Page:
The Riskiness Of Building The Internet of Things

The Riskiness Of Building The Internet of Things

Imagine roads where driverless cars are everywhere. You no longer own a car; you simply call for one when you are ready to leave.

Imagine a refrigerator that anticipates your moves. It can order foods as they become low or run out. You can plug in what’s for dinner, and have it place an order based on your needs.

Imagine a bracelet wrapped around your wrist, monitoring your important vitals. If can remind you when to take medicine, record your daily activities, even make suggestions via your doctor on ways to improve your life.

Doesn’t sound so futuristic, does it?

The Internet of Things is changing our world like never before. It’s  opening up the doors for exciting opportunities. And with it comes the good and bad.

Right now, the Internet of Things is being created resembling the Wild West. We’re taking what we know about Internet growth and applying all we’ve learned to this new frontier. But is that the right way?

First, it’s important to understand the magnitude of what the Internet of Things will bring to the table.

When the Internet first entered our lives, we accessed it via one machine: a computer. It was relatively easy to teach someone how to keep their computers safe; updates and patches were mandatory.

But the Internet of Things goes beyond a stand-alone computer on our desk. It touches almost everything in our lives. Hitting “yes” when your mobile device asks if it can upgrade an app is easy; will you remember to upgrade your refrigerator on your own?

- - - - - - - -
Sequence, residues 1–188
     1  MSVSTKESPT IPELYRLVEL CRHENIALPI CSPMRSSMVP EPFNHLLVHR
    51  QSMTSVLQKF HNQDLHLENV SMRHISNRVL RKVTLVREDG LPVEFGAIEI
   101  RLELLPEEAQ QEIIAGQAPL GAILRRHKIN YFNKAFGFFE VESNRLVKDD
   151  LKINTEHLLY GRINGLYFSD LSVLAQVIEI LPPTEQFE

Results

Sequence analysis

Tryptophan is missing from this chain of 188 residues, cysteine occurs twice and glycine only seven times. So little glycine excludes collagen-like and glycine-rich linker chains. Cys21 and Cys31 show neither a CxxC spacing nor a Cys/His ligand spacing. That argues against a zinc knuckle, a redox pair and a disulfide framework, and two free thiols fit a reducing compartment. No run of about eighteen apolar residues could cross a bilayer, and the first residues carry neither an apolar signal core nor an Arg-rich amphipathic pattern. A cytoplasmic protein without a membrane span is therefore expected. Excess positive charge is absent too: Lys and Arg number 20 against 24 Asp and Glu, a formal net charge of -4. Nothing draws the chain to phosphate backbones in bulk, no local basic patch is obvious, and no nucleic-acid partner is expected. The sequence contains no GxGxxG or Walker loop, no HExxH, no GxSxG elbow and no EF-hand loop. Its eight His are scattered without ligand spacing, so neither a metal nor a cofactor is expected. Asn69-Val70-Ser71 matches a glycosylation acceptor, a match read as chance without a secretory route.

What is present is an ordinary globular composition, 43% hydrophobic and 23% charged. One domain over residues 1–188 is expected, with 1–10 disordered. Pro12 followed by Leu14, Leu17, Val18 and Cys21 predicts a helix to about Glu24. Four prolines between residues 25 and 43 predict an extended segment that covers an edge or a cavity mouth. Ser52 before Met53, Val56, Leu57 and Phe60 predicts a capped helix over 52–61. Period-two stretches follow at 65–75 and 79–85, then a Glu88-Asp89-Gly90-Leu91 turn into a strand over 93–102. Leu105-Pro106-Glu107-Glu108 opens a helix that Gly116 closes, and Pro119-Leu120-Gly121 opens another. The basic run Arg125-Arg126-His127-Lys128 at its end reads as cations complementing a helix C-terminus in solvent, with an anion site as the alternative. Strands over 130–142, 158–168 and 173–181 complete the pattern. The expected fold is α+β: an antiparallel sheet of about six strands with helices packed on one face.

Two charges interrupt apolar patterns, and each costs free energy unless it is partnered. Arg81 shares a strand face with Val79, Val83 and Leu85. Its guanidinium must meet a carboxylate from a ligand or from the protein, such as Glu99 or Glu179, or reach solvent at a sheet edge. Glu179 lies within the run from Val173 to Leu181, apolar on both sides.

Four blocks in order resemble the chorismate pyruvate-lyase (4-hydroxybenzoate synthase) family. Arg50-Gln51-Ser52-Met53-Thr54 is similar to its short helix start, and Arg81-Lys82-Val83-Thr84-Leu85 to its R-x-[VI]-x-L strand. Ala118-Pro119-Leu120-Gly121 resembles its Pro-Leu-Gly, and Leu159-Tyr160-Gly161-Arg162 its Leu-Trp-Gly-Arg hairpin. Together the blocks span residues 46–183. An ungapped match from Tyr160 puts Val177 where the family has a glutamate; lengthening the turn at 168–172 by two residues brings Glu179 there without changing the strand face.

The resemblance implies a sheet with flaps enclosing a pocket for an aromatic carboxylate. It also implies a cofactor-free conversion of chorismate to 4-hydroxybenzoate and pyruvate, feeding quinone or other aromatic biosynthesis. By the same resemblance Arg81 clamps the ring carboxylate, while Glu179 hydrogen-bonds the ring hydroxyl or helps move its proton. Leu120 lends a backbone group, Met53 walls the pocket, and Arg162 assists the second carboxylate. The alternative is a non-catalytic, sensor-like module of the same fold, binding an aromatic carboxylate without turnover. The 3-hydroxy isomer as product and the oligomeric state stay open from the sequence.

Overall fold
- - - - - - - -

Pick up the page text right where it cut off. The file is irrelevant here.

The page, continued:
It’s not just upgrading that will keep you safe and secure. It’s also about privacy. Your refrigerator may know when you run out of double chocolate ice cream; it may order it for you on a regular basis. But do you really want to provide that information to marketers without your knowledge? You may not care about your ice cream habits, but what about more sensitive areas of your life?

Because once everything in your life is connected and running via AI technology, your whole world will be an open book. You’ll ask different questions. You’ll be faced with new challenges. Legal and policy challenges will bear their heads.

Will your mobile device be considered expert material on the witness stand?

And what happens when certain technologies go away, companies fail, or simply change course?

If no one is there to update and monitor a technology, will we have to throw it away?

Will we have abandoned “cities” where nothing but the old technology exists between the walls?

While we can and have allowed the Internet of Things to develop in Wild West magnitude, it may be time to stop and think about our future. Should underlying protocols be in place? Should we be planning for universal design rather than allowing everyone to approach it on their own? What will our world be like in 10 years, and what will we do if nobody is there for updates and patches?

While the answers might not affect us much today, they will be a part of our daily lives tomorrow.